27 Effective Listening Listening is an essential component of communication. The Communication Process Source Message ChannelReceiver Listening Understanding Feedback

28 Effective Communication Effective communication requires understanding the elements of the communication process and using them to enhance your communication effectiveness and to power a relationship forward. – More effective communication = stronger relationships – The goal, destination of a relationship is agreement. – Relationships, like car engines, are very complicated.

29 The Elements of the Communication Process Communication -The fuel that powers a relationship forward. Trust - The grease and oil that keeps it running smoothly. Listening - The foundation, the road on which the process of communication travels toward agreement.

30 Fuel Engine Destination Communication Under- standing Respect CaringFairness Agreement Trust Listening

31 Effective Communication Depends On: Source credibility Message strength Channel effectiveness Receiver characteristics Listening effectiveness Responsive feedback

32 Effective Communication Elements that enhance Source Credibility: – Trustworthiness – Competence – Objectivity – Expertise – Physical Attractiveness – Dynamism – Similarity People like and trust people exactly like themselves.

33 Effective Communication Elements that enhance Message Strength: – Two-sided argument – Ordering effects Primacy and recency – KISS (Keep It Simple, Stupid) USP (Unique Selling Proposition) – Focus on benefits to partner

34 Effective Communication Channel Effectiveness – Face-to-face most effective Full, two-way verbal and non-verbal communication with instant feedback – Video (film, TV, e.g.) next most effective. – Audio (radio, e.g.) next. Video and audio can convey emotion and control emphasis, even though they are one-way. – Print least effective unless the message is complex. Cant convey emotion, one-way.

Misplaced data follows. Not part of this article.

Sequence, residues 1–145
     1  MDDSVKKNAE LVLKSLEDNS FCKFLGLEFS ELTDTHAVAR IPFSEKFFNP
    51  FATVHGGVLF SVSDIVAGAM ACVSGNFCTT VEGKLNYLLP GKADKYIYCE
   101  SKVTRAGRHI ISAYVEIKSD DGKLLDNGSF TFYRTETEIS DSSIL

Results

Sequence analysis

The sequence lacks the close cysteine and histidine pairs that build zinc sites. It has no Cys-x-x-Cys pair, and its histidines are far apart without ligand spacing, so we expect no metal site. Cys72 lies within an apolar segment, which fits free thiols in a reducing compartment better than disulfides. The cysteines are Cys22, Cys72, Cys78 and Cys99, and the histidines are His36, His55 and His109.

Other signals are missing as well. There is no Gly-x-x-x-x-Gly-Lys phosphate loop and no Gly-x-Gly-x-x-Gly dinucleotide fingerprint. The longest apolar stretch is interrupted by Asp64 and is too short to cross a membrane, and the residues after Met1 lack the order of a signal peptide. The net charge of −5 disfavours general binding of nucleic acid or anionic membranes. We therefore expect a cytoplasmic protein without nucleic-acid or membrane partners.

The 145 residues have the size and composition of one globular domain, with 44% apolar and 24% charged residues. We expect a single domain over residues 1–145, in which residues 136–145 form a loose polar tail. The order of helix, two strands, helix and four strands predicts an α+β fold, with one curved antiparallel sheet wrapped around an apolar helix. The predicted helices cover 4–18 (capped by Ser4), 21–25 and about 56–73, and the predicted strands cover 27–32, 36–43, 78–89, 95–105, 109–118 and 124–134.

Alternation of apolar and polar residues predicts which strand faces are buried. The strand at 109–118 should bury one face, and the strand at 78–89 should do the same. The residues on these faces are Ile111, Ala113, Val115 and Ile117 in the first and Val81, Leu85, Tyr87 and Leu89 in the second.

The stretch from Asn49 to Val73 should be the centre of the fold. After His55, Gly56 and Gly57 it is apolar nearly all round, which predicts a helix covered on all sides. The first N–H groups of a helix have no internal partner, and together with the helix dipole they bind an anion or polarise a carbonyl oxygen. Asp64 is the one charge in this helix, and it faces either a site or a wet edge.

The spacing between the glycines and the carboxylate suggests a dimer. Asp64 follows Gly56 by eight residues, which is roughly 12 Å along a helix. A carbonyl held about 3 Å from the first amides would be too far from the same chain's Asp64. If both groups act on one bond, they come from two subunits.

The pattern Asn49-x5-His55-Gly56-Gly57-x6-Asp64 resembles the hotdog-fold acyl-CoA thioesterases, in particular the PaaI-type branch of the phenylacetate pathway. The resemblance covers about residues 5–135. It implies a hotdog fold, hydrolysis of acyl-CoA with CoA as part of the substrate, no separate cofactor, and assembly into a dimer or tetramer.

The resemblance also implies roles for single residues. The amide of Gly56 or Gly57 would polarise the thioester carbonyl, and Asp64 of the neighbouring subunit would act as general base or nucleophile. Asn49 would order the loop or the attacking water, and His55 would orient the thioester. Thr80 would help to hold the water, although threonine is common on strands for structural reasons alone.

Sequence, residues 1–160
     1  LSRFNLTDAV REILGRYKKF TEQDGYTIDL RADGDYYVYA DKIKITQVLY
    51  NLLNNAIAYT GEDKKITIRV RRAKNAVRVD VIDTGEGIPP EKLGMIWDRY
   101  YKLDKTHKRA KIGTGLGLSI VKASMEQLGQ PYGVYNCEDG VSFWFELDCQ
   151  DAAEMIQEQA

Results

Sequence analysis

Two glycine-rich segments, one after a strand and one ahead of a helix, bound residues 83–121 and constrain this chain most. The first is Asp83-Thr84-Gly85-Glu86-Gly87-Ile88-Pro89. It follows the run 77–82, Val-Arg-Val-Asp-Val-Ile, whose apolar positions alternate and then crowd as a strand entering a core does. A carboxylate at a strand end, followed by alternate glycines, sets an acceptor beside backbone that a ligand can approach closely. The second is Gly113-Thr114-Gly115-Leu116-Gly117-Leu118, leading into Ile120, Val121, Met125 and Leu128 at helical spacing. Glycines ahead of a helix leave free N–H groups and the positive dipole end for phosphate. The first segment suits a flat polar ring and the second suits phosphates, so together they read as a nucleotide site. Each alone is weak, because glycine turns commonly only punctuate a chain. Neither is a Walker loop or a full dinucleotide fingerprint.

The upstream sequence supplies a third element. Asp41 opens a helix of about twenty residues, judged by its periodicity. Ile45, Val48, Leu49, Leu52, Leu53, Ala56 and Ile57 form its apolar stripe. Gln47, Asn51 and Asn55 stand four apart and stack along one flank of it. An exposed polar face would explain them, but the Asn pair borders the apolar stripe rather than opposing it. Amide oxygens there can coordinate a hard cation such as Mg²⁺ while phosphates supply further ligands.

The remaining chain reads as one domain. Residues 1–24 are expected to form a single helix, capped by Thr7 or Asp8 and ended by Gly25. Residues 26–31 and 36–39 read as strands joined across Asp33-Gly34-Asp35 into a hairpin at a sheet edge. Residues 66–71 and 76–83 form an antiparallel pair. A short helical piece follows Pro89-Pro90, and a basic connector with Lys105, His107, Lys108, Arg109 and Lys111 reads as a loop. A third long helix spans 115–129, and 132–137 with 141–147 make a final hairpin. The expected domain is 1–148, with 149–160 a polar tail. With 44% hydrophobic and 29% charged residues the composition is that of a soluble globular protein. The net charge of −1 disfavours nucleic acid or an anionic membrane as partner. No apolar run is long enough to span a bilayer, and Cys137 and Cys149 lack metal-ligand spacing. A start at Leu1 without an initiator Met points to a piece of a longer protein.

35 Effective Communication Receiver Characteristics that affect communication: – Intelligence The receiver can understand and evaluate messages. – Self-confidence The receiver trusts self to evaluate communication and make an assured decision.

36 Effective Communication Effective Listening is the foundation on which effective communication rests. You can improve not only your listening effectiveness but also the listening effectiveness of your partner on the road to agreement. The beginning of knowledge, learning, relationships, communication, and conversation is a question – an open-ended question.

37 Effective Listening Ask an open-ended question. Adopt the proper attitude. – Optimistic, open, confident, trusting, respecting, non-defensive, and non-judgmental Shut up and listen. Listen actively: nod, use gestures, smile (Responsive Feedback). Concentrate on the speaker.

38 Effective Listening Do not step on sentences. Do not respond to negatives, objections, concerns too quickly. – If you do, you appear to be defensive. Do not think of a rebuttal. – If you continually rebut arguments, youll stop getting them and wont learn anything. – If you think of a rebuttal while trying to listen, you cant receive 100% of the information you hear.